Many people refrain from getting a greenhouse because they fear the additional electricity costs. It can be tough to pay energy bills in the current circumstances (covid-19 is still around the town). So, how to heat a greenhouse in winter using energy-efficient solutions? Fortunately, some clever tricks can be cost-saving and keep the plants under the above-freezing temperature.
One trick, for example, is choosing a design that can maximize the sun’s advantage. People with limited resources should choose a greenhouse design that can absorb most sunlight whenever it is available. These options can lower the need to use electricity to heat your greenhouse. Moreover, there are a few more solutions besides absorbing sunlight, which we will discuss later in this article.
#1. Making Compost Inside The Greenhouse For Extra Heat
Every gardener needs compost and has probably noticed that it is usually quite warm when you dig it up. That is because the decomposition of vegetative matter causes an exothermic reaction. In short, when any plant material breaks down, it will generate heat.
Sometimes a compost pile can get as hot as 100°F and maintain that temperature if we turn it over regularly for oxygen. Therefore, making compost inside the greenhouse offers an added advantage of keeping the greenhouse warm.
You can also add wood mulch or kitchen vegetable waste to the sides of the path or the potting beds. This way can also add natural heat to the greenhouse. It also turns the conservatory into an eco-friendly potting shed.
#2. Use Heat-Absorbing Materials
Thermal mass can be pretty beneficial while trying to keep the greenhouse heated passively with solar energy. Objects like bricks, clay, and rocks can absorb the heat from the sun and release it into the air slowly once the temperatures start going down at night. Water can also trap a lot of heat and dissipate it slowly inside the greenhouse environment.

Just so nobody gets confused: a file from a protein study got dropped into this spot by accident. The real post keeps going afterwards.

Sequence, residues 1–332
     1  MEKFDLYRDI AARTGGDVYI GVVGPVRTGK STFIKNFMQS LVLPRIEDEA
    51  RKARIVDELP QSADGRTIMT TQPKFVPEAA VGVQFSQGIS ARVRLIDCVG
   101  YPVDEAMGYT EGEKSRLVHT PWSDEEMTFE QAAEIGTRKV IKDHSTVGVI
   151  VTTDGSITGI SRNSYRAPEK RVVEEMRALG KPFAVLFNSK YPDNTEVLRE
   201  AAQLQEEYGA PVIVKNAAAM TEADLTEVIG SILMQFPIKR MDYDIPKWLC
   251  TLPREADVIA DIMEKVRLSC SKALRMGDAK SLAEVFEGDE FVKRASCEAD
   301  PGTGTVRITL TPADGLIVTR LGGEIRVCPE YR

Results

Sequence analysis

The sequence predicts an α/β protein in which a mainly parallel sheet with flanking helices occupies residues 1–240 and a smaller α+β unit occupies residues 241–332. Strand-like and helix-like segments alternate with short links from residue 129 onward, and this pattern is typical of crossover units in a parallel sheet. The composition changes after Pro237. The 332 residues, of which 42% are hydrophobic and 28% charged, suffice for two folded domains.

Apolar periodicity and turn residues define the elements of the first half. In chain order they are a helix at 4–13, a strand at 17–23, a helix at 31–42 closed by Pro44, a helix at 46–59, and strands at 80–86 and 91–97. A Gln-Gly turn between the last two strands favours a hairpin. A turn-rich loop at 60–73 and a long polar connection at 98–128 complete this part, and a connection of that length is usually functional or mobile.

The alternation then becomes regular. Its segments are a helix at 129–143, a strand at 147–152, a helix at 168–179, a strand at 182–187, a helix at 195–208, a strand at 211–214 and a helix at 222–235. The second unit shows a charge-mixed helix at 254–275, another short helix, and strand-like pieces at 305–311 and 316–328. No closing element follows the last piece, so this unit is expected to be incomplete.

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You can consider choosing a design such as a dwarf wall to add thermal mass to the greenhouse. The limestone rock is another option to retain the ground’s warmth. Some gardeners place black water barrels inside their greenhouses to keep the daylight’s heat after sunset.
#3. Add Double-Pane Glass
Even houses in icy locations tend to have windows with double glass panes. Double glass panes allow the sun’s heat to come in during the day and minimize heat loss at night.
If you find the double-pane windows costly, you can add a layer of plastic or bubble wrap next to the glass to create the same effect. Some people even build a mini greenhouse inside their big one using plastic sheets to keep the heat longer.
#4. Insulate The Northern Side
It does not make sense to have glass on the northern side of the greenhouse for people living in the northern hemisphere. The greenhouse will never receive any sunshine from the north, so it is best to insulate that side.
That way, the greenhouse will lose less heat and stay safe from the freezing northern winds during winter. People who consider getting a lean-to greenhouse should always install it on the southern wall to stay insulated on the north side of the greenhouse.
Gardeners can also consider painting the south-facing interiors white or covering them with reflective metal like tin. That way, the sun rays will bounce from the wall onto the plants and potting beds, allowing more sun and warmth during the day.
Read more: The Benefits of Greenhouse Gardening
#5. Sink The Floor
Most people think that basements are colder than the rest of the house. But the truth is underground spaces can be a lot warmer than the surface temperature during winters. So gardeners can consider sinking the greenhouse floor below the surface to maximize heat retention if possible.
The warm earth can keep the greenhouse temperatures moderated and prevent the garden beds from freezing at night. Greenhouse owners can also consider adding solar-heated water pipes under the potting beds to keep them warm throughout the night.
These methods may not be sufficient to keep a greenhouse in a tropical climate. But they can keep the insides warm enough for plants in temperate climates. Gardeners can also use these tricks to grow certain fruits and vegetables through the winter without adding to their energy bills.